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It’s very exciting to have this many notable speakers and experts available in relatively small settings so you can ask them questions and engage them. It really is terrific. I’ve been impressed by the number of different kinds of topic and areas of exploration, and the level of expertise represented here.                 








Prof Lesley Curtis  
Interim Executive Director, Duke Clinical Research Institute, Duke University Medical Centre


Programme >
 Neuroscience and Behavioral Disorders Plenary
Personalised Cell Therapy for Parkinson’s Disease: Hope or Reality?

Track type: Plenary

Date: 17 Sep 2021


 Time: 1720 - 1805

Location: Seminar Room 2

One of critical questions in biomedicine is whether it is possible to use patient’s own cells in cell replacement therapy for intractable human diseases. Since a selective loss of a specific cell type, namely A9 dopamine neurons in the substantia nigra pars compacta, is a main cause, Parkinson’s Disease (PD) is one such target for cell replacement therapy.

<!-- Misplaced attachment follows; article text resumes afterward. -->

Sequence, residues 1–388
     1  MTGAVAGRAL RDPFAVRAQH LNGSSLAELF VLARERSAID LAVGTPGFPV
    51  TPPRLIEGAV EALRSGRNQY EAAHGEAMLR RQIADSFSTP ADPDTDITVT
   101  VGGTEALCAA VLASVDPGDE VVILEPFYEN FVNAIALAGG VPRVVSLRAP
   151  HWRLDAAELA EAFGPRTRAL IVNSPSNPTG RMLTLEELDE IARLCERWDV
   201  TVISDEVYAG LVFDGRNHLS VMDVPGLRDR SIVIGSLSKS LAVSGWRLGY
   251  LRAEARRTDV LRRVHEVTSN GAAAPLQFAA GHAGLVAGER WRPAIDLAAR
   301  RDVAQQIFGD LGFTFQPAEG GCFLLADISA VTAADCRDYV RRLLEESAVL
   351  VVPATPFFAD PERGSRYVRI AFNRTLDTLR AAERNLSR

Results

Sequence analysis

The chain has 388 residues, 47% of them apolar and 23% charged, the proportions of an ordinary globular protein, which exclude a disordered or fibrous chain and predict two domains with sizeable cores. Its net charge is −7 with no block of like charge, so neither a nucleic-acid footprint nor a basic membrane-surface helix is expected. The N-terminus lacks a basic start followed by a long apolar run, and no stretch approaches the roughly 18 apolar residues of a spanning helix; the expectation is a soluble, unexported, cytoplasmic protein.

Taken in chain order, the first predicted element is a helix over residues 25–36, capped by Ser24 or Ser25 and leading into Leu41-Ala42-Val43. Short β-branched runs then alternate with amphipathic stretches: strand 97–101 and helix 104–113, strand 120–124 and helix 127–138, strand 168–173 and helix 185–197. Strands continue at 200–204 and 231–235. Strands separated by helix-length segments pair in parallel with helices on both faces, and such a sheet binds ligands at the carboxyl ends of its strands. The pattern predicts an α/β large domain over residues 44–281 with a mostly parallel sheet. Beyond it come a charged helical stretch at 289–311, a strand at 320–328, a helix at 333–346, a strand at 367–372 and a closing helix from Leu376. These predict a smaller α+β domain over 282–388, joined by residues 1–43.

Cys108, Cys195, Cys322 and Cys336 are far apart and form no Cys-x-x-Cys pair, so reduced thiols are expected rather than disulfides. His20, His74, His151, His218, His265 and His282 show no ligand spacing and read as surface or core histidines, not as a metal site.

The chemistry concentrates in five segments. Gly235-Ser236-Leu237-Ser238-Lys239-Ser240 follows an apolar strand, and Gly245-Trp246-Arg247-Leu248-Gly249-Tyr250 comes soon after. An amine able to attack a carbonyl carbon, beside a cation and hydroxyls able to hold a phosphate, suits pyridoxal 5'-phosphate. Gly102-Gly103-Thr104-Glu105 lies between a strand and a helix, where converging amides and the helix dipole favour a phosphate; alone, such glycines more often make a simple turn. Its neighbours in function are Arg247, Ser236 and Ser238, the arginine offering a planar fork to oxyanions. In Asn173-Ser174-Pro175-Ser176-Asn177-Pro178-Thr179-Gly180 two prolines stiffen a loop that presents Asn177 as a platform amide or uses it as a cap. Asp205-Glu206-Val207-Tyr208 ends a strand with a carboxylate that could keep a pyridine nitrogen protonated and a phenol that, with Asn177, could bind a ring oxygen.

In 2006, Professor Yamanaka and his team pioneered the induced pluripotent stem cell (iPSC) technology, which has ignited an explosion of scientific and public interest due to its potential for autologous cell therapy. However, iPSCs are now widely used for research purposes, but not yet for cell replacement therapy. Thus, our team has identified major obstacles of the iPSC technology and attempted to address them by understanding the molecular mechanisms and improving the methodologies. In this presentation, we will share the first human case in which we applied our improved technologies to treat a PD patient with his own reprogrammed cells from a skin biopsy.




*Information is correct at time of update